Is The Tamron 28-75mm f/2.8 The Best Value Zoom Lens For Sony?

Is The Tamron 28-75mm f/2.8 The Best Value Zoom Lens For Sony?

If you have been searching for a more affordable zoom lens for your Sony mirrorless camera, then you should definitely check out this video and article. You are about to discover a real world comparison between the Tamron 28-75mm f/2.8 and the Sony 24-70mm f/2.8 G Master lens in the wilds of Arizona.

There is no doubt that the Tamron 28-75mm f/2.8 is a more affordable zoom lens than Sony’s 24-70mm f/2.8 G Master lens. But is the quality as good? Or for hybrid shooters does the Tamron handle auto focus as well, when recording video?

Check out the video below that I shot while on vacation in Arizona and let me know if you see a $1400 difference between these two lenses?

What Might Turn You off About the Tamron 28-75mm f/2.8 Lens

The one major drawback with the Tamron lens is that it is only 28mm at its widest point. Depending on the situations you find yourself in, this could be a deal breaker for you. On the other hand, you do gain an extra 5mm on the long end making the Tamron 75mm which you may actual prefer.

The build quality of the Tamron does feel a little bit more plastic in comparison to the Sony lens but it did not seem to affect the visual quality of the lens optics. Also the zoom function performs a little different on the Tamron lens and it may take a little getting used to, for some users.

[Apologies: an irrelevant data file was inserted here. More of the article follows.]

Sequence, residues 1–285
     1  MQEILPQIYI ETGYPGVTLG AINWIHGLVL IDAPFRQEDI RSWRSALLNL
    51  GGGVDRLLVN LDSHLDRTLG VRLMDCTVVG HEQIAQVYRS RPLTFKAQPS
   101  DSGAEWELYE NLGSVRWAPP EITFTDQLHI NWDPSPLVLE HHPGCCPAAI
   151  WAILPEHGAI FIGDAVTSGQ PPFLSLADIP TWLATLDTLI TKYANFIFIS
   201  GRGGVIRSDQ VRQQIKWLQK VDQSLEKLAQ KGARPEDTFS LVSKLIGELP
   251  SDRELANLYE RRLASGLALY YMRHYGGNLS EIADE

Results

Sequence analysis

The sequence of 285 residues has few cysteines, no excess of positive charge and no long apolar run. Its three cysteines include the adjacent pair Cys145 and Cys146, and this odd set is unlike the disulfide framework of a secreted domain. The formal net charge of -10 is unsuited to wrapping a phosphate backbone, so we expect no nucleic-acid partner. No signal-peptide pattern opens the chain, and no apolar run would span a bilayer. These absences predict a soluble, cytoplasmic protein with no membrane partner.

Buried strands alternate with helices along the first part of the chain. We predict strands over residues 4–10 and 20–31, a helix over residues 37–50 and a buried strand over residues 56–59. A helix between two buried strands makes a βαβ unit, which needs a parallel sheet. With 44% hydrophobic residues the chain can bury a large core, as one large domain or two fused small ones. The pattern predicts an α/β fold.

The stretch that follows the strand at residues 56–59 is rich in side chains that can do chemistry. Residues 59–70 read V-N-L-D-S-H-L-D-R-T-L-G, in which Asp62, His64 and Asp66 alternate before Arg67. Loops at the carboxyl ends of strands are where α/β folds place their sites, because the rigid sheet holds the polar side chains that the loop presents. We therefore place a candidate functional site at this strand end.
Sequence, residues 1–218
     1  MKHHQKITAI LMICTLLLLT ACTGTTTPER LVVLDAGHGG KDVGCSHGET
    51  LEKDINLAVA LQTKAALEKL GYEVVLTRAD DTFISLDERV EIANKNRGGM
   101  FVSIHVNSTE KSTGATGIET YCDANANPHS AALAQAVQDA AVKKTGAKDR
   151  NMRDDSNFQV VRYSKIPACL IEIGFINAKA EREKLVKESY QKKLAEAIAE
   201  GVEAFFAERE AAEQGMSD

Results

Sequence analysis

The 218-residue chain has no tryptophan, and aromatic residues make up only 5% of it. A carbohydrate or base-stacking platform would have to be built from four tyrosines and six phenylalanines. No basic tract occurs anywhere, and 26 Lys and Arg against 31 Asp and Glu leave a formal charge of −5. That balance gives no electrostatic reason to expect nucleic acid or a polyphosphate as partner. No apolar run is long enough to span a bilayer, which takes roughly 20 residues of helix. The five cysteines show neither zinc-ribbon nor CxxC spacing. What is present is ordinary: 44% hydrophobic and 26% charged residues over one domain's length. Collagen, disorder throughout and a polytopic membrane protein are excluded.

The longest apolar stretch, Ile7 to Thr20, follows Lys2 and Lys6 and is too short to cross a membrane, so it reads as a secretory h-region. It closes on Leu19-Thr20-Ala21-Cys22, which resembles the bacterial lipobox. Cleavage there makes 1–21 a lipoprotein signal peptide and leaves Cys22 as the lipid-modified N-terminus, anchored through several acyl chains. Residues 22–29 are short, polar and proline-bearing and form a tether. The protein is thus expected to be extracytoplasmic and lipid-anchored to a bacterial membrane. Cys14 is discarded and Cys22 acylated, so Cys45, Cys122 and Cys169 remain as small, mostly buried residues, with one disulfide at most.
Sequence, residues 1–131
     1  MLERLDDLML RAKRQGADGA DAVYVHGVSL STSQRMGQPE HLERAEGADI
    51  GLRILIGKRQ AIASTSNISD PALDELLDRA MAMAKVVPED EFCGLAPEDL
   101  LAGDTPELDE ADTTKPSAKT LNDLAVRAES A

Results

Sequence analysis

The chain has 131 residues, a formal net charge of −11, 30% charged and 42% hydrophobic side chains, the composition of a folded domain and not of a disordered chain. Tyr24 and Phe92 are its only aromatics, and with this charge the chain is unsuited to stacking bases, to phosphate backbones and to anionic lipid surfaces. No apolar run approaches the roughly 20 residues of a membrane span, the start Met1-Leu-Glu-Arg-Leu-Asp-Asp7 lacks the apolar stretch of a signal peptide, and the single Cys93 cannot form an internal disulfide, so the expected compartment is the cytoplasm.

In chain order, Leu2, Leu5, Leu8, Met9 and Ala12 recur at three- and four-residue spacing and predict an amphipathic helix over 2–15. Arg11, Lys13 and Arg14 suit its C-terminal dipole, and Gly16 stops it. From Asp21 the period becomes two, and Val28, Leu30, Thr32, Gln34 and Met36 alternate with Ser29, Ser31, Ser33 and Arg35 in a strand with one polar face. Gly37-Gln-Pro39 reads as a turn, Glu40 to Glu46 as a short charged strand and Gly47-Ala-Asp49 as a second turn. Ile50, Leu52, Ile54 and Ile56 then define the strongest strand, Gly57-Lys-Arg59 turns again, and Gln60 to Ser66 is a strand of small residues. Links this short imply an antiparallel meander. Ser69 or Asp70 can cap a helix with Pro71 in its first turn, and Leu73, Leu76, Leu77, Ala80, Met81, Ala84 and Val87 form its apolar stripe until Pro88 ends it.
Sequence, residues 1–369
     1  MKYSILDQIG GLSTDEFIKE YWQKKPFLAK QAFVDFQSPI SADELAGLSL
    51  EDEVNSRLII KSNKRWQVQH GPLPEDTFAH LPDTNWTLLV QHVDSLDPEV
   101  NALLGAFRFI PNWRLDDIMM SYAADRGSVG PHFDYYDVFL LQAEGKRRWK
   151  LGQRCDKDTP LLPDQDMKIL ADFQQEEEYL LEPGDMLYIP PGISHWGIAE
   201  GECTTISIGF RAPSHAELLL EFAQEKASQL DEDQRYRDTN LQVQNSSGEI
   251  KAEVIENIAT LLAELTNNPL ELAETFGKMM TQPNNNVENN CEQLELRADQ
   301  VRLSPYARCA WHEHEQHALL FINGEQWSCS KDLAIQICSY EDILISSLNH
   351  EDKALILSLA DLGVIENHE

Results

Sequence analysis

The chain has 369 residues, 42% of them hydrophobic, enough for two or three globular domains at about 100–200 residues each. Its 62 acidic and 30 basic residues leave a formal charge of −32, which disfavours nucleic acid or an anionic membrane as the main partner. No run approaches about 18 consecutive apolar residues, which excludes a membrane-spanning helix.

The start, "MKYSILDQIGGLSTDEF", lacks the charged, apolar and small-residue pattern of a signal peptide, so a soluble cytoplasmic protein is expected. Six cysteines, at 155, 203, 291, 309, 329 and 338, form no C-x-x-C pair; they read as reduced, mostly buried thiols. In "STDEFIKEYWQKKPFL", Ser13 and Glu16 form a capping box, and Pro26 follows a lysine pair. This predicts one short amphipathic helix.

tamron-28mm-75mm-f2.8-sony-lens-review

In conclusion, the Tamron 28-75mm f/2.8 lens is much lighter and more compact than the Sony 24-70mm f/2.8G Master which makes it well suited for travel Photography.In regards to the quality of the image it is pretty similar in my opinion between these two lenses. If you don’t think you’’ll need the extra 4mm at the wide end then the Tamron 28-75mm f/2.8 is worth a serious look.

What do you think? If you could only bring one lens with you on a vacation, which lens would you choose? Let me know in the comment section below.

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21 Comments

This lens was a huge part of the success of the A7III.

Either I got a dud, or people are giving this lens a pass because it is priced so well. I bought this lens last week and sent it back the next business day. Very disappointed with its image quality. Center was only acceptable wide open at 28mm, center soft at 50mm until f/4, and the center was soft at 75mm until f/5.6. Forget about the corners, horrible. I compared it to a Fuji 16-55mm on X-T2, 24mp, same as the A7III, and the Fuji was far better at every focal length center and corners.